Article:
R2111 Be Kind to the earth. Sustainable Garden Practices.
Updated: Oct 24, 2020
Sustainable Practice R2111
Understand the importance of safe, healthy, environmentally- sensitive and sustainable development of garden sites.
Sustainability can be defined as practices which do not exhaust natural resources or cause environmental damage, now or in the future.
The whole ethos of permaculture promotes sustainability by designing and using natural resources in a sympathetic way. The permaculture website defines permaculture as : ‘about living lightly on the planet, and making sure that we can sustain human activities for many generations to come, in harmony with nature.’
This topic looks at sustainability at all stages of garden design, construction and maintenance.
The tricky bit is deciding which practices fit into which category. For example if we were thinking about sustainable garden maintenance practices – ‘planting wildlife friendly plants which are nectar rich to encourage biodiversity’ would not get a mark as choosing the planting scheme is part of the design stage. There is a little overlap between design, maintenance and construction practices so when you answer a question make sure you understand whether the question is asking about the selection of materials, the construction, the planning stage or the maintenance stage.
1. Sustainable Practice at the Garden Planning/Design Stage
At this stage, layout, hard landscaping materials and plants are chosen for their aesthetics and practicality. Examples are as follows:
Planning and selection of landscape materials
The environmental sustainability of landscaping materials should be considered at the design stage to safeguard resources such as water and electricity; to reduce pollution; reduce carbon emissions; benefit wildlife; reduce energy consumption and to support the local economy.
A sustainable garden design incorporates renewable, local, and low-energy input landscape materials and avoids materials, products, and practices that are harmful to the environment.
Renewable materials re-grow or replenish themselves to allow indefinite harvesting / collection. E.g. wood which is FSC certified comes from renewable sources. (Forestry Stewardship Council) Select rapidly renewable materials that regenerate within ten years of harvest e.g. bamboo, hazel, willow.
Local materials are extracted, processed, and manufactured locally, providing support for local economies and reducing carbon emissions as they do not have to be transported long distances. Select local stone from local quarries – not only is it local but it will give cohesion to the design.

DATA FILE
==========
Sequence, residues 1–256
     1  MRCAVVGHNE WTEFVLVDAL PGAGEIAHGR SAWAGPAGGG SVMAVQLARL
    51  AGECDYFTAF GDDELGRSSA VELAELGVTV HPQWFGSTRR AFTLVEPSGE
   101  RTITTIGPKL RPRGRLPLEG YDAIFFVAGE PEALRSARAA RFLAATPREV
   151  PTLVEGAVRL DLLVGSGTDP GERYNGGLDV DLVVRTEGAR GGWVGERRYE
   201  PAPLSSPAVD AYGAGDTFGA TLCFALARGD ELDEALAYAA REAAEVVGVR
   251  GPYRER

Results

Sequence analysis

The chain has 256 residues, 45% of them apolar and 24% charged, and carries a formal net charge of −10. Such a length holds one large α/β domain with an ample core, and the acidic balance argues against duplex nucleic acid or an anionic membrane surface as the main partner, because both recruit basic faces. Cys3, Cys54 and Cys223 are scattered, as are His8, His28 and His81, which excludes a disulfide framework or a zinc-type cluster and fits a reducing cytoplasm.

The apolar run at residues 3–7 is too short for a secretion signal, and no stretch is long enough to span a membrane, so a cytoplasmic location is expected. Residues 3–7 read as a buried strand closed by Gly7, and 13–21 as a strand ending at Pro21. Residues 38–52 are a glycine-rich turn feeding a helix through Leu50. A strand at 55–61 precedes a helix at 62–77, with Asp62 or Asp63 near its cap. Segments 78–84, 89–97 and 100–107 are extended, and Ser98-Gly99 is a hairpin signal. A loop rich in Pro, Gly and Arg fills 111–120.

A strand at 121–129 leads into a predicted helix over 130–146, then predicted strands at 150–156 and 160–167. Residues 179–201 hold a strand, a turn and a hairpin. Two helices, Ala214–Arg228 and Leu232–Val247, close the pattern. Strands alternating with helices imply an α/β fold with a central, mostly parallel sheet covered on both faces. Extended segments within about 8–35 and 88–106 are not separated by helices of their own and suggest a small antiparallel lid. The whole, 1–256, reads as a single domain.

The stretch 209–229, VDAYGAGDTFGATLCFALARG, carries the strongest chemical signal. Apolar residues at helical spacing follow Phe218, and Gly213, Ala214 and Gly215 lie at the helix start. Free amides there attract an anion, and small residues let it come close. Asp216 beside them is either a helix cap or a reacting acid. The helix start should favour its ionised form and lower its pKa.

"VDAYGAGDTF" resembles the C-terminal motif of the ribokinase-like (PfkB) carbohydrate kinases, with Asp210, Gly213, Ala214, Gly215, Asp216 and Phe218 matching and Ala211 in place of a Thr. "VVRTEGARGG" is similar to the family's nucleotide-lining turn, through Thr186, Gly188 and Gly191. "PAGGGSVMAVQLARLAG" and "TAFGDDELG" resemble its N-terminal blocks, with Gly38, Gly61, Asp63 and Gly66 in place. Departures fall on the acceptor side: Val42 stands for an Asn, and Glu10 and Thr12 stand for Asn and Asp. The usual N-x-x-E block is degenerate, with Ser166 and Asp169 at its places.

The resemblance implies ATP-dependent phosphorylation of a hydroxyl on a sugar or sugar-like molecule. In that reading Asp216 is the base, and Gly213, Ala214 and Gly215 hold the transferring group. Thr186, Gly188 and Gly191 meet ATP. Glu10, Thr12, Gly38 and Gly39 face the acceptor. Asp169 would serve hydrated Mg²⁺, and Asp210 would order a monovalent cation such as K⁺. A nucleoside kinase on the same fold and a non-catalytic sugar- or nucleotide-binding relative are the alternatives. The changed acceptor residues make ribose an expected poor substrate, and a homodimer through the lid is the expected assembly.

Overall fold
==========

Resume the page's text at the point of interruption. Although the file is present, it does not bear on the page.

Low-energy input materials reduce energy consumed and greenhouse gases emitted. Making concrete has very high energy input. Choose a puddled clay pond rather than polythene/butyl materials which use energy to make and do not decompose. A dry stone wall may be preferred to a mortared wall as no aggregate/lime is used which requires energy to extract and refine.
Avoid materials with toxic by-products or air-polluting outputs that affect the environment and human health. E.g. some reclaimed railway sleepers ooze toxic tar in hot Summer weather
Select long-lasting, durable materials that need to be replaced less frequently. Eg Concrete fence posts are more durable than wooden fence posts which also need to be treated with preservative.
Drainage Some materials for paths and patio are more porous than others. To avoid surface run off and environmental damage such as soil erosion or flooding, choose materials that allow the rain water to filter downwards such as gravel compared to poured concrete.
Design the garden with water in mind. Create a rain garden which is functional as well as attractive. Drainage systems may need to be installed so that plants survive. Irrigation systems which are buried underground may conserve water in the long run and mean that plants are more likely to survive.
Create a wildlife pond to provide drinking water and habitat for wildlife. A pond is one of the key elements for a biodiverse garden as it provides a habitat for amphibians. Biodiversity will encourage natural pest predators so that pesticides will not be required.
Limit the amount of containers in the design as these will be demanding on water. If you have containers make them as large as possible.
Preserve as many mature, healthy, native plants as possible in your landscape for biodiversity. A mature oak tree will support over 280 different species of insects.
Electric supply Suggest solar powered features rather than mains powered
Although not classed as landscaping materials plants can also be selected for sustainability merit.